Calif. FFs, police help raise Pride flag at city hall, a first for the city

Following heated political debate, hundreds of people gathered at Fresno City Hall to see the raising of the Rainbow Pride flag supporting the LGBTQ+ community


Brianna Calix
The Fresno Bee

FRESNO, Calif. — For the first time in Fresno's history, the LGBTQ+ Rainbow Pride flag was raised Friday at Fresno City Hall.

"Our city leaders are sending a very clear message, and that message is to our LGBTQ community: 'We see you, and regardless of who you are or who you love, you are the fabric of our community and our city. We support you,'" said Fresno Fire Chief Kerri Donis, who said she is a proud member of the LGBTQ+ community.

Donis, the city's first woman fire chief, said the flag raising ceremony gave her hope.

After highly contentious political debate over the last couple weeks, hundreds of people from all over the San Joaquin Valley gathered at Fresno City Hall to celebrate Pride month and watch the historic flag raising. Upbeat music played, snacks were served and a rainbow balloon arch stood behind the speakers. City staffers passed out rainbow face masks to help prevent the spread of COVID-19, and a young boy named Ethan who attended with his family passed out rainbow heart-shaped stickers.

Many of Fresno's federal, state and local elected officials also attended along with local faith leaders, educators and advocates. Fresno police officers and Fresno firefighters also were on hand to assist.

The event was spearheaded and emceed by Fresno City Councilmember Esmeralda Soria, who began her remarks by telling the crowd "a little secret."

"The flag raising was always going to happen," she said to cheers.

"Today marks a new and important chapter in the city of Fresno as we demonstrate our commitment to equality and justice for all, and that includes our LGBTQ+ brothers and sisters," Soria said. "The Pride flag is a symbol of hope and inclusion for the LGBTQ community. It represents people in our community that, while they have been rejected and marginalized, they have been resilient in the fight for equality, only seeking visibility and affirmation of self worth and dignity — some things that many of us may take for granted.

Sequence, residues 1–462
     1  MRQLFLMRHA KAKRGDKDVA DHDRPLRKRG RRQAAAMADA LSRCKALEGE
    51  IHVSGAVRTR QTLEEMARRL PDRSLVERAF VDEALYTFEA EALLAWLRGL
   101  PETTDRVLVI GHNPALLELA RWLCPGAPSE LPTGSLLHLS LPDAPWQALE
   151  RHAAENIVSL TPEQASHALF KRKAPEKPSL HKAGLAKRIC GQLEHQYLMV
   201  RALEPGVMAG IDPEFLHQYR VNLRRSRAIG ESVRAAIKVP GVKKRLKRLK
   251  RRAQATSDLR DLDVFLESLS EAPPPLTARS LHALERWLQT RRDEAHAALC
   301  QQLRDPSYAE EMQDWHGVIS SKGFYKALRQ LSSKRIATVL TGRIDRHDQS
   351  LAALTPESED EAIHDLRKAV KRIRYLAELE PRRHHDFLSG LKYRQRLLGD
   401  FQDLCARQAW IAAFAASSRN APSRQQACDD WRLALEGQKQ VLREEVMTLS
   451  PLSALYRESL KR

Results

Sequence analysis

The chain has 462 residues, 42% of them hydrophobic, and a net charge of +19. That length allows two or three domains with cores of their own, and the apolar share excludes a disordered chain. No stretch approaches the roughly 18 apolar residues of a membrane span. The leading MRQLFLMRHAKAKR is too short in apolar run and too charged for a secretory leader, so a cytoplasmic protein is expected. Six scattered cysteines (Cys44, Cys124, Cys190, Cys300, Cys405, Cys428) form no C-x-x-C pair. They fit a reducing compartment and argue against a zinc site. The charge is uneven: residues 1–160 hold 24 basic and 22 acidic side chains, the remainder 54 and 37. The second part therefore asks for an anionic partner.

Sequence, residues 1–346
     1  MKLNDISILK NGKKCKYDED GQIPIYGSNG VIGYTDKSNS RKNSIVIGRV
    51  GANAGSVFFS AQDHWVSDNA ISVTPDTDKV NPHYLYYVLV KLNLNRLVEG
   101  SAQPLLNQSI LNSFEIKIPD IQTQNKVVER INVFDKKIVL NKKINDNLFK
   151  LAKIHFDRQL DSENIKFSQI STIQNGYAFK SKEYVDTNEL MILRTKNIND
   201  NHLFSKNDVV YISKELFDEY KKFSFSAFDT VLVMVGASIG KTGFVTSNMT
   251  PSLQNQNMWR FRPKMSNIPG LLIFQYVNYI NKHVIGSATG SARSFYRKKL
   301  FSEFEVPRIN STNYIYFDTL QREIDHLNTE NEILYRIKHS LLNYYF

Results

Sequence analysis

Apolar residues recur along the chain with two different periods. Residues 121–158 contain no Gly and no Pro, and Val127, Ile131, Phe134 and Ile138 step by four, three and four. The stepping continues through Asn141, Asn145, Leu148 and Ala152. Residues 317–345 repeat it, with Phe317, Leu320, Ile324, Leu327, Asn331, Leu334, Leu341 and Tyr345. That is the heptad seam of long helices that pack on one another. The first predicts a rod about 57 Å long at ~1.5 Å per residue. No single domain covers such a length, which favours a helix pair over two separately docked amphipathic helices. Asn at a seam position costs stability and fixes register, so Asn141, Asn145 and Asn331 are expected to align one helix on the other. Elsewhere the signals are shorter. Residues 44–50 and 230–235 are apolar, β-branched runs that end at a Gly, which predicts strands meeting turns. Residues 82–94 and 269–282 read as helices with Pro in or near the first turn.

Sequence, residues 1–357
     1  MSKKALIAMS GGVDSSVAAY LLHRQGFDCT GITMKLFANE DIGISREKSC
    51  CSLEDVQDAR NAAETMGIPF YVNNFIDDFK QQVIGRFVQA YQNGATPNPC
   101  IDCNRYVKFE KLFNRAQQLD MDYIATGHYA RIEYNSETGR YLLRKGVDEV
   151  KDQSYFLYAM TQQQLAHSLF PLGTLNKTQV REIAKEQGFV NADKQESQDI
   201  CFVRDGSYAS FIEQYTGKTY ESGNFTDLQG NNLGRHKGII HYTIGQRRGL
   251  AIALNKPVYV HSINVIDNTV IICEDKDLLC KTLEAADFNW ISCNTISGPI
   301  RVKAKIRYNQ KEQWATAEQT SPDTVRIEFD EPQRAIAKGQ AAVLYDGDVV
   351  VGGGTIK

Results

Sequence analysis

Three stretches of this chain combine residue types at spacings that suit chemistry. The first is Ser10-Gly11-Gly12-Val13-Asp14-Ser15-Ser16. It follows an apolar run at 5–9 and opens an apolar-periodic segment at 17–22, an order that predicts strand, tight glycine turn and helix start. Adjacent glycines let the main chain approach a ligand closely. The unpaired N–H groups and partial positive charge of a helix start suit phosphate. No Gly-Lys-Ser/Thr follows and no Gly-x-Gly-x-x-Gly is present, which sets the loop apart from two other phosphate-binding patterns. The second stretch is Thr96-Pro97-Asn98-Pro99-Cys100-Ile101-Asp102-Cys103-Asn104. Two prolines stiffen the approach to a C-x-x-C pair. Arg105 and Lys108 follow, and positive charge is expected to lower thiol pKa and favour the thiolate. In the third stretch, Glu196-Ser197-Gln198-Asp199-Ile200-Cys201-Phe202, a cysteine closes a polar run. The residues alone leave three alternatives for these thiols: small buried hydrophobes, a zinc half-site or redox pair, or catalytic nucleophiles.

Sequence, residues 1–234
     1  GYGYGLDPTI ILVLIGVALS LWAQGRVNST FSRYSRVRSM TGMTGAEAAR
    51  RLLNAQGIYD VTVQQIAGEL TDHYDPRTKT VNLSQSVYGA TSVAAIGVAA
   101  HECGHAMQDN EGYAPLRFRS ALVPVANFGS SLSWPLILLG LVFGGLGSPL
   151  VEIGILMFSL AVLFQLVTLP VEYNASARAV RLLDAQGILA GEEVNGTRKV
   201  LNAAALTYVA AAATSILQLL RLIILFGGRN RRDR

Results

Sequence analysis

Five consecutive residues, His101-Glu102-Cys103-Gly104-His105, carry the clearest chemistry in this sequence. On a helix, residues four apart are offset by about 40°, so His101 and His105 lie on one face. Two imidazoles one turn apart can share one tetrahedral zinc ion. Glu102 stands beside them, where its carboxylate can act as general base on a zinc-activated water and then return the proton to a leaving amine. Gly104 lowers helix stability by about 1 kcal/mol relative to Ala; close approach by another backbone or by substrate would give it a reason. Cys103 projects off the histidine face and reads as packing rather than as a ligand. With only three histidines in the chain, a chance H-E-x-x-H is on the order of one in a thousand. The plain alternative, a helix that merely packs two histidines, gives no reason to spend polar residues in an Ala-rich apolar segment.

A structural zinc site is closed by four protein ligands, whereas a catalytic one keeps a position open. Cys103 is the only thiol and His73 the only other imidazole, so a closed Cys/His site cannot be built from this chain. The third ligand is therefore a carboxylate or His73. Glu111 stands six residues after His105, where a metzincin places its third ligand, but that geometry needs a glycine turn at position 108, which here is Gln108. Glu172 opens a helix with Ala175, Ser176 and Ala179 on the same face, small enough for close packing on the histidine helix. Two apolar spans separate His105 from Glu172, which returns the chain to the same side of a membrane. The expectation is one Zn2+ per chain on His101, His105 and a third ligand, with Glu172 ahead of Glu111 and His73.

"Today, we send a message to all residents that we love you, regardless of who you are, where you come from, the color of your skin, and who you love," she said.

Siblings Naomi and Kaitlyn Gerner, 11 and 13, attended the ceremony and said they were excited to see the flag raised. Naomi wore the pansexual flag, or "my flag," as she called it, draped over her shoulders.

"It means that love is love, and love is for everyone," Kaitlyn said about the ceremony.

Geni Perryment, Victoria Williams and JJ Tin, all clinical psychologists, said they attended the ceremony to show support for their LGBTQ+ clients and community.

" Fresno is finally showing progress, and we wanted to be a part of it," Perryment said.

During the ceremony, the Fresno City Council presented the city's first awards to three people, named after Harvey Milk, the first openly gay politician in California. The recipients were: Jeffery Robinson, CEO of Community Link and Fresno Rainbow Pride; Jewel Hurtado, Kingsburg City Councilmember; and Zoyer Zyndel, former Trans-E-Motion leader who died in December.

The current chair of Trans-E-Motion, Zayn Anthony, said that while the fight for equality continues, the LGBTQ+ community should celebrate its progress.

While Mayor Jerry Dyer did not speak at the event, he did attend. Anthony and other speakers commended the mayor for his change of heart on the flag raising.

"After attending the Fresno State Pride (flag) raising ceremony, I got a chance to hear what Mayor Jerry Dyer said," Anthony said. "Thank you so much for opening up your mind and your heart to our community. We're happy to have you as a strong ally, a strong leader, showing leadership and doing what's right. So, thank you."

Civil rights leader Dolores Huerta said the flag raising ceremony in Fresno has greater meaning.

"This flag that has been raised today in Fresno, in the center of the San Joaquin Valley, this is not just for Fresno alone. This is for the whole San Joaquin Valley," she said, before signing off with her traditional "Si se puede!"

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(c)2021 The Fresno Bee (Fresno, Calif.)

McClatchy-Tribune News Service

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